A bit over my word limit this week, but there you go! This year was a big one for me personally, and as I enter my first full year working full-time in Magic—and with my first kid on the way in May—I have big hopes for 2016.

See you on the other side.

 

Thanks for reading,

Corbin Hosler

@Chosler88 on Twitter/Twitch/YouTube

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Grinder Finance – A New Frontier

Last week we looked into the year that was.  This week I want to take a look at the year that may be.  This year will be uncharted territory for the Magic community and especially for MTG Finance.  There have been golden rules related to the time of year.  There was one rotation per year in September and the summer before ushered in a huge sell off in the oldest Standard cards.  Now we have two rotations, once in September and one in April.  How will that affect the normal trends of card prices?  There is also another elephant in the room.  There isn’t significant growth in the size of the player base.  For the past year it has been pretty clear to me that Wizards is trying to sell more product to the same number of people.  This may have some impacts on otherwise “safe” picks from the past year’s standard.

 

We learned about the new rotation over a year ago.  Let’s revisit it to refresh everyone’s mind.

Source http://magic.wizards.com/en/articles/archive/mm/metamorphosis
Source http://magic.wizards.com/en/articles/archive/mm/metamorphosis

This is the old rotation.  Blocks were 3 sets and then a core set was released and then the following set caused a rotation.  This meant that fall sets had 2 years in standard and that amount of time decreased until the core set (which spent the least amount of time in standard).

Source http://magic.wizards.com/en/articles/archive/mm/metamorphosis
Source http://magic.wizards.com/en/articles/archive/mm/metamorphosis

The new Standard has a rotation every other set.  Every beginning of a block causes two sets to rotate out and one set to rotate in.  This means there will be an increased significance of the spring and summer set (as they stay in Standard just as long as the fall and winter sets).  The real question for us is when do people begin to sell off their cards?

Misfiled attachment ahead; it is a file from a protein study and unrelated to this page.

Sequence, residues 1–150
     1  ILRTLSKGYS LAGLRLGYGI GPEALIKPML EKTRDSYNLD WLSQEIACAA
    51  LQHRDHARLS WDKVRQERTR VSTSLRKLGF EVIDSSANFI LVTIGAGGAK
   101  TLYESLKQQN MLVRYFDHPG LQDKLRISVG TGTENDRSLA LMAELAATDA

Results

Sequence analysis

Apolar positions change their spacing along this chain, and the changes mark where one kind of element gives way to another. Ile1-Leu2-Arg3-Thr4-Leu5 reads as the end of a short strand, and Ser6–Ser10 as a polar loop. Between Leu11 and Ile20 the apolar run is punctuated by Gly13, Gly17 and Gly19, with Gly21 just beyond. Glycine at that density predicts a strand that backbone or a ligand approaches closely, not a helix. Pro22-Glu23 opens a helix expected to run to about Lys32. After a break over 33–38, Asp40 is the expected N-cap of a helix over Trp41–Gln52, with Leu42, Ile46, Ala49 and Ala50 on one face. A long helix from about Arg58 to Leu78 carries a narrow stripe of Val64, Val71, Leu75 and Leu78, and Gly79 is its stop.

sphinx's rev

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Let’s take a look a card who’s price was entirely impacted by Standard.  If you wanted to get rid of your Revelations before they made their final descent, you needed to sell them in March of 2014.  That card did not rotate out of Standard until September, meaning people began selling off a full 6 months before rotation.

Khans of Tarkir cards rotate with the release of Shadows Over Innistrad in April.  If cards followed that same trajectory then I’d have to assume we’re already almost two months too late.

crackling doom mantis rider

I’m inclined to believe the boat is missed.  While these cards are almost bulk rares at this point,  I don’t advocate holding onto anything that has value left from Khans of Tarkir and Fate Reforged.  There is almost no upside in the release of Oath of the Gatewatch.

abrupt decay

Look at Abrupt Decay.  It rotated at around $13.  Right now you can find copies at retail for $11.50 (Strike Zone).  While there was a period in between you could have got out at a profit, it’s clear that dealer confidence is low and buylists reflect that.  There was also never a point where the best buylist was above the retail cost at rotation.  Now there is the possibility this is just part of the end of year slump and we see $20 Abrupt Decays July.

thoughtseize

This is the year of the Thoughtseize.  What happens to it?  Buy price is plummeting, now out of even double digits.  Are there just too many Thoughtseizes?  Is its rotation out of Standard actually detrimental to it’s long-term price?  It’s hard to tell but it’s something to watch.  We might see a lot more seasonal ebbs and flows with Modern legal cards printed in Return to Ravnica and newer sets.  So much sealed product of those sets was available that it’s impossible for cards to retain their pre-rotation value even if they are eternal playable if there are just too many of them.  It’s possible the card will never recover to it’s $25 height-of-Standard price tag.

Legacy